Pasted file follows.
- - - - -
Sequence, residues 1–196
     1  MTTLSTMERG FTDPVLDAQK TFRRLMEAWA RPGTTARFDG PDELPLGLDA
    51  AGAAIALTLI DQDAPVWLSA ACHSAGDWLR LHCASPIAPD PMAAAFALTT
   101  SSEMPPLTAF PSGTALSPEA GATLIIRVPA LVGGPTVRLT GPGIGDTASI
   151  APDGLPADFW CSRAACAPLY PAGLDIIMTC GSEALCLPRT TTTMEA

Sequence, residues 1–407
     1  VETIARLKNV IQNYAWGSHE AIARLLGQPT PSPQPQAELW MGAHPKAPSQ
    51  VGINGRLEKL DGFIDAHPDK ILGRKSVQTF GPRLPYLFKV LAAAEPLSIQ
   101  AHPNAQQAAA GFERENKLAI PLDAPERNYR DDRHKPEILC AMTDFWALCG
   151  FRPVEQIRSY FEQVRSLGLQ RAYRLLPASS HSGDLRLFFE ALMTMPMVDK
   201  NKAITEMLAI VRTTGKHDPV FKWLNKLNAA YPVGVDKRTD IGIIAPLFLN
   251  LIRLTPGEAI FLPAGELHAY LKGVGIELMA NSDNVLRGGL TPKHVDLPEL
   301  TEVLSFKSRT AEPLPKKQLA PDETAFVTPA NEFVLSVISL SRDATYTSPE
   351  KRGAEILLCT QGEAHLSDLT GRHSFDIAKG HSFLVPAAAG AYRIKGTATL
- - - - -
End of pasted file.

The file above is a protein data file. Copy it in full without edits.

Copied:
Sequence, residues 1–196
     1  MTTLSTMERG FTDPVLDAQK TFRRLMEAWA RPGTTARFDG PDELPLGLDA
    51  AGAAIALTLI DQDAPVWLSA ACHSAGDWLR LHCASPIAPD PMAAAFALTT
   101  SSEMPPLTAF PSGTALSPEA GATLIIRVPA LVGGPTVRLT GPGIGDTASI
   151  APDGLPADFW CSRAACAPLY PAGLDIIMTC GSEALCLPRT TTTMEA

Sequence, residues 1–407
     1  VETIARLKNV IQNYAWGSHE AIARLLGQPT PSPQPQAELW MGAHPKAPSQ
    51  VGINGRLEKL DGFIDAHPDK ILGRKSVQTF GPRLPYLFKV LAAAEPLSIQ
   101  AHPNAQQAAA GFERENKLAI PLDAPERNYR DDRHKPEILC AMTDFWALCG
   151  FRPVEQIRSY FEQVRSLGLQ RAYRLLPASS HSGDLRLFFE ALMTMPMVDK
   201  NKAITEMLAI VRTTGKHDPV FKWLNKLNAA YPVGVDKRTD IGIIAPLFLN
   251  LIRLTPGEAI FLPAGELHAY LKGVGIELMA NSDNVLRGGL TPKHVDLPEL
   301  TEVLSFKSRT AEPLPKKQLA PDETAFVTPA NEFVLSVISL SRDATYTSPE
   351  KRGAEILLCT QGEAHLSDLT GRHSFDIAKG HSFLVPAAAG AYRIKGTATL